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What does the HSWA actually say?

  1. PCBU must provide effective communication, meaning if there’s no cell cover, you need an alternative, and if the risk is such that the communication, ie cell phone, can’t effectively be used (imagine a dog or person about to attack you and you have to try find your phone, dial 111, request the service you want, explain where you are and what’s happening…… clearly not effective).
  2. Work can be remote or isolated from the assistance of other persons because of location, time, or the nature of the work. Work can be isolated without being remote, and be remote without being isolated.

We have man down solutions in places like large ports, warehousing and manufacturing plants where people are working out of line of sight of others. Here’s a summary of the actual wording (to download a PDF of the guidelines click here).

PCBUs must first try to eliminate a risk if this is reasonably practicable. If it is not reasonably practicable to eliminate, the risk must be minimised so far as is reasonably practicable.

If remote or isolated work is to take place, PCBUs must follow the prescribed risk management process described in Section 2 of these Guidelines to manage risks to the health and safety of a worker who performs remote or isolated work.

In addition, the PCBU must provide a system of work that includes effective communication with workers. What constitutes an effective communication system will also depend on the sorts of risks faced by the worker (and may need to include panic systems). A communication system that has gaps in coverage or cannot be used in an emergency is unlikely to be effective.

Examples of control measures for remote or isolated workers include to:

  • Have a buddy system or to work together with others.
  • Be trained in emergency procedures including what to do during natural disasters.
  • Carry appropriate supplies including suitable first aid equipment.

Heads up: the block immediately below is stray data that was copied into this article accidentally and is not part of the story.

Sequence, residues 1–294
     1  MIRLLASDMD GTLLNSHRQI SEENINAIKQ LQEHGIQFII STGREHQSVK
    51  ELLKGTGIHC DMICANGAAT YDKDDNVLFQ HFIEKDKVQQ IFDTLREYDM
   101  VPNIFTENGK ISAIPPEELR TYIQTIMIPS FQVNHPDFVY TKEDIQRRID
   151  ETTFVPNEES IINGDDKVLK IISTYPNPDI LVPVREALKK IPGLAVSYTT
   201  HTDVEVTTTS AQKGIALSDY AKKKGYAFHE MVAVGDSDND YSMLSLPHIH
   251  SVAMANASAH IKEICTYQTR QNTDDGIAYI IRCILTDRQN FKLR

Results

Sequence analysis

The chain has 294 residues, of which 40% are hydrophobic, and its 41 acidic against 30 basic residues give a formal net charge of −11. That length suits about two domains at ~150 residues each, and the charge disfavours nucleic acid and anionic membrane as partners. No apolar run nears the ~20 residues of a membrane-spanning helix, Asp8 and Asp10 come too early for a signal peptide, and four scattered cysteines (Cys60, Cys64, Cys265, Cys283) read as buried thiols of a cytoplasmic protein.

• Have access to adequate facilities (water, eating facilities, toilets, accommodation) at the remote location.
  • Carry communication devices that work at the remote location (eg radio, satellite or cell phones, pagers or distress beacons) and another means to raise the alarm.
  • Contact home to check-in at specified times (or are contacted by another worker at specific times) with failure to check-in triggering the emergency response plan.
  • Be remotely monitored (eg using CCTV).

For lone workers, consider:

  • Is the work suitable to be carried out by a lone worker or if the worker proposed to carry out the work has the competence to work alone and be unsupervised?
  • Can the work be done using a buddy system?
  • What support systems (such as radio telephones, man-down alarms, emergency procedures and first aid kits, and safety checks) may help to reduce the risk?
  • Work can be remote or isolated from the assistance of other persons because of location, time, or the nature of the work. Work can be isolated without being remote, and be remote without being isolated.

Remote or isolated work includes:

  • Working alone or separated from colleagues.
  • Working in a geographically isolated or inaccessible area –where the nearest emergency help (eg fire service or hospital) is some distance away.
    Working outside normal business hours or shift/night work.
  • Working in locations where communication is difficult.

If you have any questions Please get in touch for guidance and impartial, evidence-based advice to make the responsible choice for the safety of your Lone Workers.

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